I’ve always loved an origin story. Show me the catalyst for Bruce Wayne’s transformation into Batman, or where Domino’s powers come from. Create spinoff series starring the quirky best friend or the mysterious sidekick and I’m totally there. Both serial and recursive, comics are the perfect medium for telling multi-strand, multi-character stories at multiple points in time. My all-time favorite origin story, though? The villain’s. Most likely, I’m already on board with the hero. Her backstory is pleasurable because it enriches her character, raises the stakes of her mission to protect, or perhaps complicates her loyalties to interestingly shift the way we see her relationships with other characters—all of which makes for good storytelling.
The villain’s origin story, though, has the potential to completely change the way I think of her. Even the coolest or most horrific villain is still merely a secondary character in the hero’s story. An obstacle they must overcome to achieve her goals. But the villain is the protagonist of her own story, and in that story her motivations for her behavior—whether it’s to take over the world, to use violence for political ends, or to destroy our hero—make characterological sense. These stories remind us that who is the hero and who is the villain is merely down to who’s telling the story.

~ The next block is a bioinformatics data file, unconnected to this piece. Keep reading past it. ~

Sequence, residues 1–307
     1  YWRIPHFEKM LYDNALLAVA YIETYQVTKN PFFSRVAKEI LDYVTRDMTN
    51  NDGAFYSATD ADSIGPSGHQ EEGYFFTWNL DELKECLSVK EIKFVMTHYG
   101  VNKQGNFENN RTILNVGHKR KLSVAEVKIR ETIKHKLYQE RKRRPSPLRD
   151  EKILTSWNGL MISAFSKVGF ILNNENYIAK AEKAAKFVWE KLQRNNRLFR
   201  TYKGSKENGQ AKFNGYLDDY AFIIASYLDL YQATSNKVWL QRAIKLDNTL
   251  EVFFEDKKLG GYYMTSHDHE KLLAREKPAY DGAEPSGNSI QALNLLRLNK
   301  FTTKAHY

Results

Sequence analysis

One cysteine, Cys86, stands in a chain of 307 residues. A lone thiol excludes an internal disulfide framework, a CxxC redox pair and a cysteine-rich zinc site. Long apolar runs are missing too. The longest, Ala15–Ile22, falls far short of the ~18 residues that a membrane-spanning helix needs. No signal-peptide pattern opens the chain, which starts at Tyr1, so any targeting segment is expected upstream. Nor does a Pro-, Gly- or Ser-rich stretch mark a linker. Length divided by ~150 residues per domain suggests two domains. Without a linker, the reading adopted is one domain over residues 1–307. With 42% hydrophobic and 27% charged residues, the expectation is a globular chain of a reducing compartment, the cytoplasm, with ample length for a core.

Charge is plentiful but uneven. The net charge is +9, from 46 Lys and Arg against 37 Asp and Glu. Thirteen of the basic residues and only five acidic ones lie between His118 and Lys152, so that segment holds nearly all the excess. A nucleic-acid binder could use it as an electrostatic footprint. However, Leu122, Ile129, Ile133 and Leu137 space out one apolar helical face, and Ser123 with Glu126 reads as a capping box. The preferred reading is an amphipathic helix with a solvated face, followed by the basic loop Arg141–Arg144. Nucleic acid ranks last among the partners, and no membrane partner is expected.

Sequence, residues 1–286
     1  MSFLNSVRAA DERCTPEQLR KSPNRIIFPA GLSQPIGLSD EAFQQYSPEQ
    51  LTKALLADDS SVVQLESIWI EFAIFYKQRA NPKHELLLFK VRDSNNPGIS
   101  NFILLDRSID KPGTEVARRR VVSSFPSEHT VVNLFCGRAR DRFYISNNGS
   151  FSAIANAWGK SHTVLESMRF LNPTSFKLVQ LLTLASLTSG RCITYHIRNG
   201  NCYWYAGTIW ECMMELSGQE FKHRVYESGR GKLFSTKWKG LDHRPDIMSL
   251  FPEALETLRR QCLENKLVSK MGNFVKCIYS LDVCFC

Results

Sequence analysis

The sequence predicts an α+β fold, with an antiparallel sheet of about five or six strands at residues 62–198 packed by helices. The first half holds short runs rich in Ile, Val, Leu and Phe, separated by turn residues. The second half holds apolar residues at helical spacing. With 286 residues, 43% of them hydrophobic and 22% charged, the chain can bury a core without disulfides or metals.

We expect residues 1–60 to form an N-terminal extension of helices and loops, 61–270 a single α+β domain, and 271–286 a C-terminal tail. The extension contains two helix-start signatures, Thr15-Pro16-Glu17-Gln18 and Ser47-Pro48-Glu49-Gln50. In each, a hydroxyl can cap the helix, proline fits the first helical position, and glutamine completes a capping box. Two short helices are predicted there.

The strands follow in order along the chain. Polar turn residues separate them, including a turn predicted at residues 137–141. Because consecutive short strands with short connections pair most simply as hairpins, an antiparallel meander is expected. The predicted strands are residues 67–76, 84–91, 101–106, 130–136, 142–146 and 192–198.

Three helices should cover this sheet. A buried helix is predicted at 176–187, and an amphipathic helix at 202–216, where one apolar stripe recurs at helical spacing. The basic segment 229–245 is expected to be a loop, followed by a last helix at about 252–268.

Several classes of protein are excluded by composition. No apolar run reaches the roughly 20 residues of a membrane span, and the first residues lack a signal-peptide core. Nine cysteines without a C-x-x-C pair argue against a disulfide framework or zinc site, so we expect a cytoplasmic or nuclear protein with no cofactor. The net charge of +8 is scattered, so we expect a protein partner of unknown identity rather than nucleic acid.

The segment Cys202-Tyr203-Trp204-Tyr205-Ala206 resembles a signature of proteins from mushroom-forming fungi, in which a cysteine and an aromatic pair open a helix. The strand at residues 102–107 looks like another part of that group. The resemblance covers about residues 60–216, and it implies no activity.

While this is perhaps most familiar in comics terms, there is another genre that uses seriality and recursivity to open up space for characters who are the antagonist in one story to be the protagonist in another: romance. While some romance series follow one couple across multiple books, a large number of them are more loosely connected books that share a universe—a setting, a cast of characters, a family, etc.—but each book in the series features the story of a different couple. This is what my series, Middle of Somewhere, is: a queer romance trilogy, in which we meet all of the characters in the first book, but each book tells the story of a different couple. The first book, In the Middle of Somewhere, released last summer, and the second, Out of Nowhere, just came out.